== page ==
View N up Queensway from Bayswater tube station entrance.jpg
Looking along Queensway from Hyde Park down.
Part of B411
Namesake Queen Victoria
Maintained by Transport for London
Length 0.4 mi (0.6 km)
Location London, United Kingdom
Nearest tube station
Known for
Queensway Underground Station
Queensway Underground Station

Queensway (formerly Queen's Road) is a shopping street in Bayswater, an area of west London. It is home to Whiteleys, many restaurants, cafés, pubs, souvenir shops and a few high-street retail chains. Queensway and Westbourne Grove are identified in the London Plan as one of 35 major centres in Greater London.[1] The street is numbered the B411 in the British road numbering scheme. Queensway is currently undergoing a major redevelopment on all sides, with a building on the top of the road being developed for £500m, Whiteleys for £1.2BN and a series of other redevelopments happening at the same time.


Bayswater and Lancaster Gate were first developed as residential suburbs of London in the early 19th century. Bayswater Road, for example, the road at the Bayswater southern end (Bayswater Road) was already a long-established route across the countryside, and a road roughly following the present Queensway can be seen on early maps running north from Bayswater Road across fields under the name of Black Lion Lane. It was subsequently renamed Queen's Road in honour of Queen Victoria, who had been born at nearby Kensington Palace: a name, however, which somewhat lacked distinctiveness, for this reason the present name of Queensway was eventually substituted.

Near the northern end of the street was Whiteleys, on the site of London's first department store, opened by William Whiteley in 1867. The store was awarded a Royal Warrant by Queen Victoria in 1896. The facade of the current building is from 1911, but the building itself was demolished and rebuilt in 1989.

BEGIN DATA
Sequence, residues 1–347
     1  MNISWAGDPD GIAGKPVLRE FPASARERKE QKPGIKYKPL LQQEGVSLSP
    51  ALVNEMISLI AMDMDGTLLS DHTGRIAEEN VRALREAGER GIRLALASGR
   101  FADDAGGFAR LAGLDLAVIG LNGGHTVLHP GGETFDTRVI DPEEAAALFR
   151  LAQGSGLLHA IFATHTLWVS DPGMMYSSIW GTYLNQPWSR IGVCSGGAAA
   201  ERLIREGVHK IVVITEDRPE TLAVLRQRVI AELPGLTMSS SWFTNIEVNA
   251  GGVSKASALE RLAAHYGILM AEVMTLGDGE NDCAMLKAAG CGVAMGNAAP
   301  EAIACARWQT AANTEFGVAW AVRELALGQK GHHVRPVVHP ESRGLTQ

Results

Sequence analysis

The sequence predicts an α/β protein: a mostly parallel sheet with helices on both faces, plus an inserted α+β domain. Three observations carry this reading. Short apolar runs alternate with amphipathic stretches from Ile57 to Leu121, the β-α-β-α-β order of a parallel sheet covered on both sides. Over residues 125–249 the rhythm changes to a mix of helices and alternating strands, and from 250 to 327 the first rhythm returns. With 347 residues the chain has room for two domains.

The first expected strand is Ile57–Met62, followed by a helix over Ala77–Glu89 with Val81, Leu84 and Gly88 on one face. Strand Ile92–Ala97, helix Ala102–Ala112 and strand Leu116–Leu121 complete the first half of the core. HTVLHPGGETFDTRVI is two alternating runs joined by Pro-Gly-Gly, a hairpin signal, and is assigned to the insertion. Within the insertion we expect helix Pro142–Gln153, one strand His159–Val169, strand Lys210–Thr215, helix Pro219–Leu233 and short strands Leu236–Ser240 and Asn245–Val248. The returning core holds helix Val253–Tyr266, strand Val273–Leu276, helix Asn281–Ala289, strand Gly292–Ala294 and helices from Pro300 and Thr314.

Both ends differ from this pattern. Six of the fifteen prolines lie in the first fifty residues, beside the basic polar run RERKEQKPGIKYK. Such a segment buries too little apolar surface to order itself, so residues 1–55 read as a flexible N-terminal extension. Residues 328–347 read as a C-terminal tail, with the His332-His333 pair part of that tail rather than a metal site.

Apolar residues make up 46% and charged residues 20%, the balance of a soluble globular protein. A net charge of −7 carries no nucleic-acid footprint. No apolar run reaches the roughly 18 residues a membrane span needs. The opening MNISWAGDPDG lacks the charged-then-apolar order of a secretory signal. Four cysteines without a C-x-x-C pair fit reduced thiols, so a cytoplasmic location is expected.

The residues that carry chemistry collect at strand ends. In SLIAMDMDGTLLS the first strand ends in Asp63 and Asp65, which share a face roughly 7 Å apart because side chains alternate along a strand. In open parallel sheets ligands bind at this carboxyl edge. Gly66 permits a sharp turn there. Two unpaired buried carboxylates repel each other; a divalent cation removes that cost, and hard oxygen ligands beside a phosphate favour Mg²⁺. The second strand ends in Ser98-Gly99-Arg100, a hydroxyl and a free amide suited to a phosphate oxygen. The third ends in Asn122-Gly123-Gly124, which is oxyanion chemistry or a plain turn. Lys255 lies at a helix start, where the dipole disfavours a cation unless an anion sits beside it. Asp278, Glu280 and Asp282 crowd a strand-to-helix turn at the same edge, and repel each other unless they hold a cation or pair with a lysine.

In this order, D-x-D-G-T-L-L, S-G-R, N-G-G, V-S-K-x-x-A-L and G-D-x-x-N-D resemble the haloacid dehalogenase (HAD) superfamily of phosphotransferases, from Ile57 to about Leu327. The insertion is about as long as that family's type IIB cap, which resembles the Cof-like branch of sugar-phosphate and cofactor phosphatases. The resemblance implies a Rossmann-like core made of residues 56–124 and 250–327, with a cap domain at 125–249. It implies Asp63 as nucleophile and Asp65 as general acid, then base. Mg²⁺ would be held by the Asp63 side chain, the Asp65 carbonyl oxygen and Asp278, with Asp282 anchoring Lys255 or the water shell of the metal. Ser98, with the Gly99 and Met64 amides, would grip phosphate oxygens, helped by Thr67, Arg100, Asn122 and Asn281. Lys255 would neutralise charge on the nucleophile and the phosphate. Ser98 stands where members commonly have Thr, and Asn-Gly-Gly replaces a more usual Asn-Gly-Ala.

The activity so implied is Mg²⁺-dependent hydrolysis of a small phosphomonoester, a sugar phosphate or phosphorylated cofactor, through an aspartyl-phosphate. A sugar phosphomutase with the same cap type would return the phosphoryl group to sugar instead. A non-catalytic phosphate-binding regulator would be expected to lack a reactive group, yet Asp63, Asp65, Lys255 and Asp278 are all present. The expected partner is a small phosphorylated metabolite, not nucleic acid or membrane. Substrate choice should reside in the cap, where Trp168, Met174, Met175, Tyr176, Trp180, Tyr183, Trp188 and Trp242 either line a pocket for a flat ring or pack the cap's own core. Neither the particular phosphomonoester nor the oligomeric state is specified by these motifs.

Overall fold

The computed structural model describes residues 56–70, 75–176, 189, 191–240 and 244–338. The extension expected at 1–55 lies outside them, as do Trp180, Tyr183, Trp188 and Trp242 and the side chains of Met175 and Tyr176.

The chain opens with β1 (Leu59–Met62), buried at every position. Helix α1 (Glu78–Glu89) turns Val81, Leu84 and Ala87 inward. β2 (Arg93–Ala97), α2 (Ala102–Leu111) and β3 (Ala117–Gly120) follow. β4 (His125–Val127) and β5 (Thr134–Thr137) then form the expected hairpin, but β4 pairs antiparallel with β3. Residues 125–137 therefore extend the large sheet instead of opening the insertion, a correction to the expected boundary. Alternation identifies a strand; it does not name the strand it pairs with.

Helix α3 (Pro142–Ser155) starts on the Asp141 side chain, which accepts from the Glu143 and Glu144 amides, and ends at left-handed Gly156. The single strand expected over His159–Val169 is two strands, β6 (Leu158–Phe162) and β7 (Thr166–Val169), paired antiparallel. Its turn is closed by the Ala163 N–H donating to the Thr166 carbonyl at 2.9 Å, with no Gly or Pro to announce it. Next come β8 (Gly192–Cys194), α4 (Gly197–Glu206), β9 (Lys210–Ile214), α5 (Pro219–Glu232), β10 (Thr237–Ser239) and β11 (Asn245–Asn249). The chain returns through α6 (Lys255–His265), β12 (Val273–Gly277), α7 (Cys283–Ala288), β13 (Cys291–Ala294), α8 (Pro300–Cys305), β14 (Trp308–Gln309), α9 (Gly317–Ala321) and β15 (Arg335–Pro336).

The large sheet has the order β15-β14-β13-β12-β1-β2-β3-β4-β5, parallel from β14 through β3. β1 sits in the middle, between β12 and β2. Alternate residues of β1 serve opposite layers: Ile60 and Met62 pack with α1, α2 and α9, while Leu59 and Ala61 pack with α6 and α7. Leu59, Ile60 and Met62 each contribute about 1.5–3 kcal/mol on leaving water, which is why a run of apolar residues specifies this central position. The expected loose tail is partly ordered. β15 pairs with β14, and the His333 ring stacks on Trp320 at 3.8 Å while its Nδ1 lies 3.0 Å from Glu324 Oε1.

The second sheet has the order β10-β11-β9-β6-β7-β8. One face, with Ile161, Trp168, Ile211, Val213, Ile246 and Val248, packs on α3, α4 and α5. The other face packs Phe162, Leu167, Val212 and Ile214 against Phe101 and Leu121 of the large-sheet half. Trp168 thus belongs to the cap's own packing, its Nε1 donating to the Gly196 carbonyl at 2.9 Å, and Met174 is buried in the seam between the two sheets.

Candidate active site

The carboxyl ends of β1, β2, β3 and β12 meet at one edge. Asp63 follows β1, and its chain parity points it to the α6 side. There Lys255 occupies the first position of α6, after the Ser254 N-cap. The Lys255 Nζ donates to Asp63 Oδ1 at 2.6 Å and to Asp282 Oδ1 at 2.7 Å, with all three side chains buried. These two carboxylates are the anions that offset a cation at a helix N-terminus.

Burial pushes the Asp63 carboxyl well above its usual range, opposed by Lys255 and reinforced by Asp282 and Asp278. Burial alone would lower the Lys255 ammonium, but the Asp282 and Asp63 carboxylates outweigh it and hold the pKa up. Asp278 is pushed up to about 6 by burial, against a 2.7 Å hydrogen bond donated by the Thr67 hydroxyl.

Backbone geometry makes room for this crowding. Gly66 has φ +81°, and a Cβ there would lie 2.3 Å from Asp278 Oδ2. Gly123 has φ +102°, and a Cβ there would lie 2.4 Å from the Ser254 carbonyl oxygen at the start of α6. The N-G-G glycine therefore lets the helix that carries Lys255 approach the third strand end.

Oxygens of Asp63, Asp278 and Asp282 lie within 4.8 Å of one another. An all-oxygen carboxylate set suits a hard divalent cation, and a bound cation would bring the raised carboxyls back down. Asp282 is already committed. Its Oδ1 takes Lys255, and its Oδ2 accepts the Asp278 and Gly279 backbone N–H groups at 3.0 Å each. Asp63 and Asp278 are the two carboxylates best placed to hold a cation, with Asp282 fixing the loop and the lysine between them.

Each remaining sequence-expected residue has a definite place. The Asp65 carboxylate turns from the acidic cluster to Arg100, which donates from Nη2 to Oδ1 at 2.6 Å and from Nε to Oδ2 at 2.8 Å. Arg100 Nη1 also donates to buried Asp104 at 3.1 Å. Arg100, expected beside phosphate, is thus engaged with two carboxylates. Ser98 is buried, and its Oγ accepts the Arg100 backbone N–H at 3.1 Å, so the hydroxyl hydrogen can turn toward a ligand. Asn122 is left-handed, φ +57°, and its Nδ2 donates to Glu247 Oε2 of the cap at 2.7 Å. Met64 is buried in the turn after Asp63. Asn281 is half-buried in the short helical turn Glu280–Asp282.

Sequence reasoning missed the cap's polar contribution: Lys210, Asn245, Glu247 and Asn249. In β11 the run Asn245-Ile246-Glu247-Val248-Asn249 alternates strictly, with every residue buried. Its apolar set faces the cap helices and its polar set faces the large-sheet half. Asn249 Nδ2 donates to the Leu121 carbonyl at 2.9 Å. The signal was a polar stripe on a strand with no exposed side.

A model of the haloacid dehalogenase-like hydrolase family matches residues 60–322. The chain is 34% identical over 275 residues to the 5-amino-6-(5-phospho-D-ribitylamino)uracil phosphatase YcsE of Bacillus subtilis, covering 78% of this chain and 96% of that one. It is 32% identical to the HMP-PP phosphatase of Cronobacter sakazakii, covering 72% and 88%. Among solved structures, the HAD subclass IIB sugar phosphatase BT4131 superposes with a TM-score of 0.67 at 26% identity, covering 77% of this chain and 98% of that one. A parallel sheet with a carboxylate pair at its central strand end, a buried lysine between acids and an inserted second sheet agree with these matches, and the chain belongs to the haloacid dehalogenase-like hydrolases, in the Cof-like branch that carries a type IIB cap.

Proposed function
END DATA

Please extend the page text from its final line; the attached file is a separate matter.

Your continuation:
In recent years, Queensway has become a centre for the entertainment and leisure industry in London. London's biggest ice rink, the Queen's Ice & Bowl in Queensway was recently renovated after investment and development by Robert Bourne (developer) and Bourne Capital. This has led the way for further developments in the area's entertainment and leisure industry. Queensway's retail industry is also booming with the famous Queensway Market showing significant growth in recent years.

Modern Development

It is reported that a Brunei family, in conjunction with Meyer Bergman and others, has acquired a large part of Queensway, which is bordered by the Notting Hill and Kensington areas, in order to re-develop it. The purchases include the Queensway Estate, location of the ice skating rink and Queensway Market, and the Whiteley's shopping centre which was purchased from Standard Life Investments.[2][3]

Transport links

Bayswater and Queensway tube stations are on Queensway.

Paddington station (a westbound terminus and set of tube stations), Royal Oak, Westbourne Park, and Notting Hill Gate stations are well within a kilometre.[4] A c. 1916 oil painting of Bayswater tube station, when known as Queens Road (Bayswater), by Walter Sickert features a man seated in a recess and an arrangement of colourful advertisements which appealed to its buyer in 1919.[5]

See also


  1. ^ Mayor of London (February 2008). "London Plan (Consolidated with Alterations since 2004)" (PDF). Greater London Authority. Archived from the original (PDF) on 2 June 2010.
  2. ^ Brunei family’s secret £500m swoop on Queensway by Suzie Neuwirth, City A.M., 16 September 2013. Retrieved 16 September 2013. Archived 20 September 2013 at the Wayback Machine
  3. ^ Whiteleys’ new owners reveal £1bn masterplan for Queensway by Mira Bar-Hillel & Jonathan Prynn, London Evening Standard, 16 September 2013. Retrieved 16 September 2013. Archived 18 September 2013 at the Wayback Machine
  4. ^ "Hotels Near Paddington Station - Queens Park Hotel". www.queensparkhotel.com. Retrieved 18 January 2016.
  5. ^ Queens Road Station, Bayswater Walter Richard Sickert (1860 - 1942), The Courtauld Institute of Art website — artandarchitecture.org.uk. Retrieved 2018-03-12.

Coordinates: 51°30′47″N 0°11′15″W / 51.51308°N 0.18763°W / 51.51308; -0.18763